d oven can take 500*, so I will have to settle at 475*. Those were the substitutions: I gave all my oat flour away, as it wasn’t GF oat flour, although I always enjoyed bread, and pancakes made of it in the past. My favorite biscuits are made with almond flour, brown/white rice, and potato starch/xanthum gum. I find sometimes I have to rest the batter, and also cook at a lower temperature, longer with quick breads, GF.
        Oh, I did substitute the tapioca with arrow root. I react to tapioca, as well. I am lucky to tolerate eggs and dairy. That is what happened with my GF WG endeavor: expensive lesson learned: don’t make up a master recipe of GF flours, or make the full recipe of dough, until I get this down…thanks for your and Jill follow thru, as that will sell your Artisan skills, with word of mouth, that you are available for guidance! I won’t give up yet! Just need the time to experiment with my work schedule.

      2. I use Bobs’s almond flour; or I grind my own cashew flour; I used Bob’s b rice, and other flours, but had some white sticky flour from Asian store, and ? arrowroot substitution for tapioca. Potato starch is from bin at WINCO, so will have to see if they have a brand on next time I need it, with GFIn5.

  22. That I will try with the dutch oven, but don’t know if it is beyond 475* suggestion. I ordered one, and today got the notice it has arrived. I will only mix up one half recipe, and lower water 1/8 cup, and also try all these suggestions. I did not have a d. oven before trying the first attempts. Maybe mine rested too much also. I also want to verify my gas oven t*. thanks for being available to help us amateurs.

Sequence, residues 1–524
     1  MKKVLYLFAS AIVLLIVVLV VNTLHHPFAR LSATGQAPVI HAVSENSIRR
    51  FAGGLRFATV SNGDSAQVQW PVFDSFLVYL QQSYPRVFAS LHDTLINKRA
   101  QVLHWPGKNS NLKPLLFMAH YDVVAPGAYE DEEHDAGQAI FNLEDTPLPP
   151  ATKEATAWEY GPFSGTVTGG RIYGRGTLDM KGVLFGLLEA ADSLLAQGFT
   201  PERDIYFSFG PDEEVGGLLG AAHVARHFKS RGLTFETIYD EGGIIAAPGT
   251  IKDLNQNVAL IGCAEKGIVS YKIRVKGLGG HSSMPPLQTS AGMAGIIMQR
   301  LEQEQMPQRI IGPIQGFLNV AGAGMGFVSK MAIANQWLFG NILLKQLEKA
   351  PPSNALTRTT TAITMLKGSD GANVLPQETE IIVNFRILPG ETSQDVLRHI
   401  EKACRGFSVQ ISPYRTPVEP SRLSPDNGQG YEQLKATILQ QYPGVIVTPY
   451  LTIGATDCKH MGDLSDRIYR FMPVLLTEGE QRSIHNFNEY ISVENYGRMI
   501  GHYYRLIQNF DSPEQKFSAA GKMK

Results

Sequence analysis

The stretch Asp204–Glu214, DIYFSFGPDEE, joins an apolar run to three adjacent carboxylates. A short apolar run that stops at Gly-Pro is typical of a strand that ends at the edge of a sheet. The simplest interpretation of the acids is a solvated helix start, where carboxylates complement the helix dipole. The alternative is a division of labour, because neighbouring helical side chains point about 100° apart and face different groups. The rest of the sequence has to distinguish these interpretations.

23. I would be baking for my GF son, but he is also allergic to eggs. Are there any recipes in your book that don’t include eggs?

    Thanks much,
    Donna
    PS Would you mind sending your reply to my email?

    1. Sorry Donna, we don’t reply to e-mails…
      Our standard recipe in the book–it’s Master Recipe–is without eggs, though you get a better rise if you use the egg whites variation. The rest are a mix–probably about half the recipes are made with eggs.
      All in all, I’d say most people find that the eggs or egg whites help with rising and keeping it lighter.

  24. Of course, that’s not an option if you’re allergic. I’ve been using the flax substitution; that is, 1 Tbls flax seed and 3 Tbls water for each egg with good results. My recipe has 4 eggs in it, so I grind 4 Tbls of flax in a blade grinder and add 170 g of water to the mix. I would think a powdered egg replacer product might work as well.

  25. thanks Jeff about the sticky white rice flour; I can use that for pancakes, muffins and biscuits, and get some w rice flour, bob’s, out of a bin… before I try again…

  26. Hi
    I’m going to be making the GF bread using your recipe from the ‘In 5 mins a day’ book but don’t want to make the big batch to start with. Can you reduce the quantities in equal fractions to make a smaller batch?
    Thanks